Tandem Mass Spectrometry

What is tandem mass spectrometry?

Tandem mass spectrometry (MS/MS) is perhaps the most significant advance in newborn screening in the past 30 years. A tandem mass spectrometer is a specialized instrument that detects molecules by measuring their weight (mass). Mass spectrometers measure weight electronically and display results in the form of a mass spectrum. A mass spectrum is a graph that shows each specific molecule by weight (mass) and how much of each molecule is present.

A simple newborn blood specimen contains thousands of molecules ranging from small molecules such as salt to large proteins such as hemoglobin. When alcohol is added to the dried blood spot, several hundred molecules are pulled out and can be studied. If this entire mixture is studied directly, a complex graph is produced and it is difficult to tell biochemically important molecules from other less important molecules that have the same weight.

To make the graph easier to understand, the biochemically important molecules must be separated from all other molecules. Before MS/MS technology, these molecules could only be separated by physical methods (gas and liquid chromatography) that take between 10 to 30 minutes each. A tandem mass spectrometer can accomplish this task accurately in approximately two minutes.

How does a mass spectrometer work?

A mass spectrometer works similar to how a person might sort a pocketful of change. Each coin has a unique weight and size (quarters weigh more and are larger in size than dimes). After sorting by weight and size, the quantity of each type of coin can be counted quickly. Tandem mass spectrometers can take the sorting even further. For example, consider the new quarters that feature specific state designs on the back. Each state quarter has a similar weight and size but has a slightly different structure. A tandem mass spectrometer can quickly sort biochemically important molecules of similar weight in the same manner that you can sort how many of the newer Pennsylvania, Massachusetts, or Georgia quarters you have.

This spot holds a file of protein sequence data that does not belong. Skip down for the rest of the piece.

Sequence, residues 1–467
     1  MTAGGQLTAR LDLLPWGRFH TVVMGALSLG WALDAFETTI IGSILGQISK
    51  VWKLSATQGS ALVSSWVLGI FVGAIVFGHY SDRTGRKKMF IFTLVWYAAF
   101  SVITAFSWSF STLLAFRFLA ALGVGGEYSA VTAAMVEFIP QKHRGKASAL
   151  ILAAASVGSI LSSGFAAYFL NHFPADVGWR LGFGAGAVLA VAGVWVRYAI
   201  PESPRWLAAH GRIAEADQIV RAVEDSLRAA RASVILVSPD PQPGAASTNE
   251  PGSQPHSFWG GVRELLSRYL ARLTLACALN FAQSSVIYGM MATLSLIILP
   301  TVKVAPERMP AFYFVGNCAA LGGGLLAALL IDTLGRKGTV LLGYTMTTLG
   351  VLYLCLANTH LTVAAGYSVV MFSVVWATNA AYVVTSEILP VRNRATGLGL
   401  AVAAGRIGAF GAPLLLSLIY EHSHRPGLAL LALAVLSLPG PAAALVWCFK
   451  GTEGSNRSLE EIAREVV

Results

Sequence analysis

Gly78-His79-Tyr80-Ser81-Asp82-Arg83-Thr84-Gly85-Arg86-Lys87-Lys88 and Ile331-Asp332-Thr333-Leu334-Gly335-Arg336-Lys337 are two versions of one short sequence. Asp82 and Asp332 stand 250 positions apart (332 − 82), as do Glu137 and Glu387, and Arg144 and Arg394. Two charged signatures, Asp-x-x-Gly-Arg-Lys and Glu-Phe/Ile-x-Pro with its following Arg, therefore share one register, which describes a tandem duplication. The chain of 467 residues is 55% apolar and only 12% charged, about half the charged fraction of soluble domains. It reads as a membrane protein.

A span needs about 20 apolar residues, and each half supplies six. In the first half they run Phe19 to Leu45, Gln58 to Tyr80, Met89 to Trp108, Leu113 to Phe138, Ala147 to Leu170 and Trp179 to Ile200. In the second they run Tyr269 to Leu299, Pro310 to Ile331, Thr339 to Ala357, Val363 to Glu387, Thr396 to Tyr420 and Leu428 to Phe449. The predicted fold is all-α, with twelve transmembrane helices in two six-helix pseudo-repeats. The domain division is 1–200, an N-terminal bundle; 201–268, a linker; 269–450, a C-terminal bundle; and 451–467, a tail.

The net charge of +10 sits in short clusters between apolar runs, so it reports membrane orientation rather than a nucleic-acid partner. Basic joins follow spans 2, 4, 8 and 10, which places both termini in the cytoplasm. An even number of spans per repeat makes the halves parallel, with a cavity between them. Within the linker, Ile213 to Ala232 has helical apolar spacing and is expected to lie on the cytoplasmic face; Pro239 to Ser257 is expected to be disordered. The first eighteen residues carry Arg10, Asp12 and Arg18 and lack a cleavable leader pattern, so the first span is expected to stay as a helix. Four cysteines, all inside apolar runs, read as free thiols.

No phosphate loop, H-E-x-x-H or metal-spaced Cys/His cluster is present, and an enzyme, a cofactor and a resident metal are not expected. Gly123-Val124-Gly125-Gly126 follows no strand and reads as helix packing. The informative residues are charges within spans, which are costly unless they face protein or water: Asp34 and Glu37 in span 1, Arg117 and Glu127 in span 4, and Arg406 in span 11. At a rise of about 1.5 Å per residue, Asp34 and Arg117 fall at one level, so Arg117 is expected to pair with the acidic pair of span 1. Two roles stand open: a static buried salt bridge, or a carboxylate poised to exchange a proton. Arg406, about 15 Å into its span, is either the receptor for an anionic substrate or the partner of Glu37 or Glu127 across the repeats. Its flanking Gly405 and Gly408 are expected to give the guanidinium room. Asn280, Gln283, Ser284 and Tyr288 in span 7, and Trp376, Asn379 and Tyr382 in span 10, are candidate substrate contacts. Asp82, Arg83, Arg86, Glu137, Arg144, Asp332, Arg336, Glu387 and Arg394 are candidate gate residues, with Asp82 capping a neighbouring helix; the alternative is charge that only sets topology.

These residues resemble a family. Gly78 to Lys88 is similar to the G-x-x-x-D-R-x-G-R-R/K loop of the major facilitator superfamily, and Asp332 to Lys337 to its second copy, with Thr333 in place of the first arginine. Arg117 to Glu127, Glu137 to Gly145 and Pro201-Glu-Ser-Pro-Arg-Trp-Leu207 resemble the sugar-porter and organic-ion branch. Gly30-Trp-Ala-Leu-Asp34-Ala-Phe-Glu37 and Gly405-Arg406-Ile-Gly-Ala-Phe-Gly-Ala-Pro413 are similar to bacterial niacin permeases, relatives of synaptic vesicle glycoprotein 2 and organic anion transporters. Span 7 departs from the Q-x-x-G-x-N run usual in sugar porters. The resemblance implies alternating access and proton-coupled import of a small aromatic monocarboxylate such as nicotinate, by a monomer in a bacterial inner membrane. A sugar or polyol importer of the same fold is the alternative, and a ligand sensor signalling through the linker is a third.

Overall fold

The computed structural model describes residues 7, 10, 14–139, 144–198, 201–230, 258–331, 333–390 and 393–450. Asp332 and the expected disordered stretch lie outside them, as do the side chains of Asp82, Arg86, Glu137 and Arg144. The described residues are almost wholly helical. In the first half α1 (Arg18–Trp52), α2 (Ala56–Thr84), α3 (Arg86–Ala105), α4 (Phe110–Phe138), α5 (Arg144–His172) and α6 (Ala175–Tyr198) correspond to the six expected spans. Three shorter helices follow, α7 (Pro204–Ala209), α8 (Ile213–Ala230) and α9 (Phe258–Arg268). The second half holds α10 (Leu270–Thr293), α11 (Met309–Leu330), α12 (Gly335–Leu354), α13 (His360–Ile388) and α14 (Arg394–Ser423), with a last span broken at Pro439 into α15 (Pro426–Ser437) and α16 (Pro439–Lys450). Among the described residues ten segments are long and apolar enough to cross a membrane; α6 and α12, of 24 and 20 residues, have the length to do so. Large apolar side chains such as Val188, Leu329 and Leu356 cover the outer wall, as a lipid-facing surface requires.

Why is MS/MS the best method for newborn screening?

Tandem mass spectrometry measures many different molecules in a single test. Older testing methods require the use of several tests to look at different types of molecules making them time-consuming and expensive. With tandem mass spectrometry, the results are available quickly and are also more accurate. For example, MS/MS testing for PKU studies the levels of two chemicals: phenylalanine (phe) and tyrosine. While most babies with PKU will have an elevated level of phe, virtually all babies with this disorder will have a high level of phe compared to tyrosine. This is important because older testing methods look only at phe and may miss some babies with PKU. MS/MS testing is also more accurate than the study of phe alone because there are several reasons other than PKU that a child may have an elevated blood level of phe. These include prematurity, special diets, liver disease, and differences in blood collection. The phenylalanine to tyrosine comparison is generally not high in these instances so MS/MS testing reduces the number of falsely "abnormal" PKU results. 

Tandem mass spectrometry is also superior to other testing methods because the study of multiple chemicals at a time allows us to accurately pinpoint which specific disorder a child may have. This technology is particularly helpful in the identification of specific disorders that share common chemical elevations. For example, MCAD deficiency and MADD both present with high levels of a chemical called octanoylcarnitine (C8). If we look at C8 alone and it is high, we cannot tell which of the two disorders a child might have. But, if we look at C8 in combination with other chemicals the picture becomes clearer. For example, individuals with MADD also show an unusual level of decanoylcarnitine relative to C8 and higher levels of long and short chain acylcarnitines. These findings are not seen in MCAD deficiency and distinguishes the two conditions.

Finally, there is an obvious cost benefit to running both amino acids and acylcarnitines in a single profile. Currently, PerkinElmer Genetics monitors more than 60 chemical and chemical relationships in a single test. These markers provide indicators for disease, quality assurance, and potential contaminants that may interfere with other studies. The markers also provide information regarding hyperalimentation, method of collection, and drug treatment. Tandem Mass Spectrometry measures these indicators or markers in a typical two-minute run.

The analyses conducted by PerkinElmer Genetics produce results that can be used by qualified physicians in the diagnosis of certain disorders. While evidence of such conditions will be detected in the vast majority of affected individuals, due to genetic variability, it may not be detected in all.